At its core, Rive is a new graphics format. It’s a type of graphic that can react, animate, and change itself at any moment. The format and its players are open. As a business, we offer a suite of design and dev tools to support it.
Current design tools are still stuck in the old media world. They primarily export static formats (like .png, .jpg, .svg, .pdf, .psd), which are all rooted in the world of print. Even video formats are just a sequence of frames, originally designed to be printed on film.
But most of the graphics we consume nowadays run in software. Browsers, apps, car dashboards, TVs, games… they’re all software. Unlike print, software is interactive. It can change state at any moment while it’s running.
Graphics formats and the tools to create them haven’t caught up. These days, designers can use tools like Figma or After Effects to mock up different states, but then the effort of building something functional is handed off to developers.
That handoff is messy, time-consuming, and often results in redundant work. What the designer envisions, depending on the language or tools used, could be extremely complicated, or even impossible, for developers to execute. These issues are further compounded when attempting to achieve consistency across different platforms.
It’s time for a new format with new tools – built specifically for this purpose. It’s called runtime, and it’s what Rive is all about.
New tools for a runtime world
Rive is designed for the world of runtime. Runtime is the period of time during which a program is running. Our tools help you create interactive graphics using our new format. These tools empower designers to think more like devs. At the same time, they free up engineering resources, not requiring a dev to be involved in every design iteration.
The Rive Editor lets you design graphics that can change state. With old formats, this functionality typically has to be written in code. It requires a complicated handoff between designers and devs. It’s an ineffective use of both teams that makes it hard to iterate. With Rive, the designer controls how the graphic behaves in the Rive Editor. This allows you to be wildly creative while rapidly iterating.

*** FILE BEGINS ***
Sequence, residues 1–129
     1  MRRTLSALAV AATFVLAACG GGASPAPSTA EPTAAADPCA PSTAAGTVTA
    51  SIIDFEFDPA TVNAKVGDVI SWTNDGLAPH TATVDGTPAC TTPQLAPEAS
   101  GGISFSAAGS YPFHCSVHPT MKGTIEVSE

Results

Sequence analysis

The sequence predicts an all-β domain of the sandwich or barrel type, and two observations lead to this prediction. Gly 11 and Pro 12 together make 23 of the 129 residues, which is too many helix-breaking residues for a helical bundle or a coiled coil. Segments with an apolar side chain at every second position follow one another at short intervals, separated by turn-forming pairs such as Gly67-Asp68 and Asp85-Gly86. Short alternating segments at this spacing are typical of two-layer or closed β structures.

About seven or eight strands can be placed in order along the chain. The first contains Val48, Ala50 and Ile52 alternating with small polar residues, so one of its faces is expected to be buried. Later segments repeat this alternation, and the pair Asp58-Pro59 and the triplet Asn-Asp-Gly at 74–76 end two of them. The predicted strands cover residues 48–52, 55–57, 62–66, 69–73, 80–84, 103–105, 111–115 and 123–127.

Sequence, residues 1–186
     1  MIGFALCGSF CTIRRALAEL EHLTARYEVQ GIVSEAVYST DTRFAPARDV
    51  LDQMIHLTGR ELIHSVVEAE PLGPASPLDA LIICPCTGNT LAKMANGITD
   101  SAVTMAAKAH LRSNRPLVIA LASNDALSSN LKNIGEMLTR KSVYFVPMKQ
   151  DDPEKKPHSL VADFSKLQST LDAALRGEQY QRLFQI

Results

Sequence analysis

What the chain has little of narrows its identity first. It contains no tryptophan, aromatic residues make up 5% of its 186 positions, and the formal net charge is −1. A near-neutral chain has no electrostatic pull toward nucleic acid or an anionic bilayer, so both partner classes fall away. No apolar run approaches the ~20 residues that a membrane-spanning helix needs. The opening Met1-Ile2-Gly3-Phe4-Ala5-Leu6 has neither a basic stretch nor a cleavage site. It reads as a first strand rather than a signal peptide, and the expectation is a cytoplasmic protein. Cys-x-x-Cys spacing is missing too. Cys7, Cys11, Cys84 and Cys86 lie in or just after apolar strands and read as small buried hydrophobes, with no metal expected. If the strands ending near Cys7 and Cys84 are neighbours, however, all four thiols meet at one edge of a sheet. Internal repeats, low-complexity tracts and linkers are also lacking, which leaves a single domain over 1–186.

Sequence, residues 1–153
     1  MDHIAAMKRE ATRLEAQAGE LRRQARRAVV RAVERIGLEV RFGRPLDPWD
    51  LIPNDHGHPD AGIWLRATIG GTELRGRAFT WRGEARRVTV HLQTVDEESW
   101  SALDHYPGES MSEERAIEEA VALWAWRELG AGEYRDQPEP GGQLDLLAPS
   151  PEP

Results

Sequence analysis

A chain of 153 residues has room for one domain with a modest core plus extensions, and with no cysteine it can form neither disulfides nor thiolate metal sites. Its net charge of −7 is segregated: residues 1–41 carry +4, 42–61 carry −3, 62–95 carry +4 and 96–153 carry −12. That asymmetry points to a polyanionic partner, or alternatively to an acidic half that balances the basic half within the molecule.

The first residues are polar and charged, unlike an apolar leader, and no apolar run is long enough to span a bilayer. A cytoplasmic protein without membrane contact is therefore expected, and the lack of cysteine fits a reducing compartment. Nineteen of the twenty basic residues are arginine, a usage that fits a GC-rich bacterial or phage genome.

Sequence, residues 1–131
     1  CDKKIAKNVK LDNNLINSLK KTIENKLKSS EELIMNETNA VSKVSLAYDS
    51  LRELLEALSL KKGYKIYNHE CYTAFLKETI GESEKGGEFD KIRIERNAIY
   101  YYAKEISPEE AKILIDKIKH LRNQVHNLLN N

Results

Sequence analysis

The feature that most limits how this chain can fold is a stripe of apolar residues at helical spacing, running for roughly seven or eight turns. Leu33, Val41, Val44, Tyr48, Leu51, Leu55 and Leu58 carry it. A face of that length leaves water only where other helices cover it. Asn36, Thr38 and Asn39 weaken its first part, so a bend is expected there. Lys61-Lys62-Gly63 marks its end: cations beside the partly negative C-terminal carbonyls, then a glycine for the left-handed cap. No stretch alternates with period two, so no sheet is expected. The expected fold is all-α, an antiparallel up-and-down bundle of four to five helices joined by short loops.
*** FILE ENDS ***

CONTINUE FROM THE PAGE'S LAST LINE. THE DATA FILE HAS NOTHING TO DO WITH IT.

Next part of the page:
In the example above, the software that will ultimately load this file doesn’t need to know anything about the design, shapes, or the sequence the animations need to play in. It just tells the Rive graphic that an area was hovered; the visual state machine controls the rest.
Rive’s players, which we call Runtimes, let you load and control our format. They’re open-source libraries that are available for most major platforms (including web, iOS, macOS, Android, Windows, and more). We offer a simple high-level API or a more advanced low-level API, allowing you to choose how technical you want to get.
We also offer no-code integrations (like Framer and our Share Links). These use our runtimes under the hood, but you interact with them through visual tools that don’t require any programming knowledge.
Sounds a bit like Flash?
The fundamental concept of Flash, which was fantastic and a huge inspiration for Rive, is that it let you build, experiment, and iterate on experiences that were ready to run. It combined the design tool with the runtime format. Rive has a few fundamental differences:
Rive's format and runtimes are open-source.
Rive's runtime gets packaged into your app/site. Flash was a plugin that the user had to install.
Rive’s performance and light weight allow you to easily use it either for the whole experience or just for components of a larger runtime experience (e.g., embed in native iOS apps).
Rive uses standards across all our supported platforms, with the ability to abstract the renderer.
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